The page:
This is my story. But it is also my family’s story. At nearly 21 I don’t remember its beginning. I have survived it. My parents lived, and suffered, through it ~ every moment.
So this year, just before my 21st birthday I have set myself two challenges:
- To train for, run and complete the London Marathon
- To raise a crazy amount of money for the Evelina Children’s Hospital (Guy’s and St Thomas’ Trust)
So I need your help. Lots of it. To keep me going and motivated while training in the cold of Scotland, on the beaches of the North Sea, over the next few months and to dig deep and generously contribute to my fundraising.
So why? Why this crazy thing?
The short answer?
Because I can.
The longer answer?
Because I can - thanks to the tireless work of doctors, nurses, occupational therapists, and specialists at the Evelina for over sixteen years of my life. And St Thomas now looks after me as I have moved to their care as an adult.
The longest answer?
Most of you know.
I was born healthy and well and the first six weeks, according to my parents, were great. They got to know me, my sister, Paige adjusted to a new human in her life and I was a good baby!
Then, just before Christmas, it all went wrong. At six weeks, having got bronchiolitis, I was admitted to Frimley Park Hospital. A serious but treatable winter illness, the doctors were not too concerned at first. That soon changed when I didn’t respond to treatment and I got progressively worse.
My parents were then told I had to be moved into paediatric intensive care until they could figure out what was wrong. They were told to prepare for the worst.
Later that night, a specialist ambulance was sent from London to “retrieve” me. It so happens that the doctor in charge was a cardiologist and that is the first my parents were told of a “hole in the heart”. This came as a huge shock.
The baby picture you can see is as they were preparing to move me Guy’s. My dad said he only took it because he wasn’t sure he was going to see me again …
Anyway, while at Guy’s the hole in the heart was added to by a deviated aorta and a hole in the aorta (for you medical bods out there a VSD, a PDA, and a coarctation).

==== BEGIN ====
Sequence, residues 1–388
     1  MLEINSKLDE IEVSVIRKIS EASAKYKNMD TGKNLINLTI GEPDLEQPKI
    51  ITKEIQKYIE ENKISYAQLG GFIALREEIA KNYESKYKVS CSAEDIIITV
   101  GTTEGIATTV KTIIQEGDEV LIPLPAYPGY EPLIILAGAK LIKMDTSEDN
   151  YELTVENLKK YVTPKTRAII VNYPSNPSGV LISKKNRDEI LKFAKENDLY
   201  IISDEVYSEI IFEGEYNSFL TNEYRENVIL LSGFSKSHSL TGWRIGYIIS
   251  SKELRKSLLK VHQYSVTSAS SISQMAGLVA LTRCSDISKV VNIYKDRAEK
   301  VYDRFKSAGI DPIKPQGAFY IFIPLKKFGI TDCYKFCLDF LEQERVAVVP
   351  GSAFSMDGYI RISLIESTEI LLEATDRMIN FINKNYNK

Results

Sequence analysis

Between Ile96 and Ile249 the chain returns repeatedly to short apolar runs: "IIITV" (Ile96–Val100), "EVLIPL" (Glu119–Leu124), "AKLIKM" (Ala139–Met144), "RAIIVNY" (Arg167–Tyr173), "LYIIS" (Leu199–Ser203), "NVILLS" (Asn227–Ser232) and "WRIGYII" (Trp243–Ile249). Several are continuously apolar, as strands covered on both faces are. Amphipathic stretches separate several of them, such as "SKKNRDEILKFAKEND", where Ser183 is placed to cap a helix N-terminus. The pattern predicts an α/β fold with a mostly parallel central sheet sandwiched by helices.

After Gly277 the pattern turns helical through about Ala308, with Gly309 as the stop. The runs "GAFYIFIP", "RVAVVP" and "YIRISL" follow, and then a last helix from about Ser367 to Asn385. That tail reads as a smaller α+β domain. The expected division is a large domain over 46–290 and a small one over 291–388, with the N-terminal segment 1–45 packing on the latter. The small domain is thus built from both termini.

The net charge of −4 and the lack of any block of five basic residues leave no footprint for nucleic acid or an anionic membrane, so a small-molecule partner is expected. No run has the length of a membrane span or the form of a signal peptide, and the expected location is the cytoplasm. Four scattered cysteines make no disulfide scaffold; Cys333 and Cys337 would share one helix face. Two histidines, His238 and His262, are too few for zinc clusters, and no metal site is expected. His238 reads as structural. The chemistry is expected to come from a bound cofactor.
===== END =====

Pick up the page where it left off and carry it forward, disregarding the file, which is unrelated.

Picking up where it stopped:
I remained in intensive care while they worked out a plan on best to treat me as I was too unwell for surgery.
Discharged on the 23rd of December my first Christmas was an anxious time for everyone.
I had 59 nights in hospital in my first six months when I was too unwell to be home. Monthly visits to London for reviews.
During this period the Evelina Children’s Hospital was built and I was one of the first to have surgery under their care. At age five, I had a coil fitted to close the hole in my aorta. It worked. Funny aside, it occasionally sets off airport scanners! I now have a copy of my medical discharge on my phone as evidence of this for security officers confused as to why I ping!
At age six I had my second heart surgery to fix the coarctation. Unfortunately, that didn’t work and it remains under review today.
So what did this mean to me as a child?
Well, I was lousy at sport. Being on steroids and all kinds of medication on top of everything meant I had little stamina, got breathless quickly etc. in fact, I wasn’t even allowed to go on long-haul flights, ski at altitude, or scuba dive (which annoyed me when Paige did it!) because of the risk. I was always the last one in school races and only properly learned to ride my bike when I was 11. A huge milestone at the time!
I was very lucky to have gone to a prep school that actively encouraged me to take part in everything even when I was just NOT good! I swam, played rugby, football, and cricket (I got good at scoring!). But I also found my strengths academically, in theatre and managed to work my competitive edge at chess.
As I got older, the monitoring continued. ECHO Scans, exercise tests, MRIs became part of my six monthly to yearly checkups. Every time we didn’t know if the decision to operate again would be made.
I still wait. My next review is in May this year.
At 16, I was moved from the Evelina to the St Thomas Adult congenital heart unit. A new unit was created to look after those babies like me who are now young adults (the reality being that this is a newish discipline as so many of us did not make it 20 years ago).
It is thanks to the care I have received that made it a possibility that I have learned to love running.
And inspired by the beaches of St Andrews (where Chariots of Fire was filmed) I found the confidence to run my first 10k for Paige’s charity last year.
This year, I am going further in every way and pushing myself to my very limits. My first marathon. London in April. To say I am anxious is an understatement. To say it is a huge challenge even more so. But doing it for Guys and St Thomas will give me the motivation I need.
So please, dig deep and help me reach my fundraising target.
Help me help all the Xavier’s behind me.
Thank you for reading this and thank you for your support.
It means everything.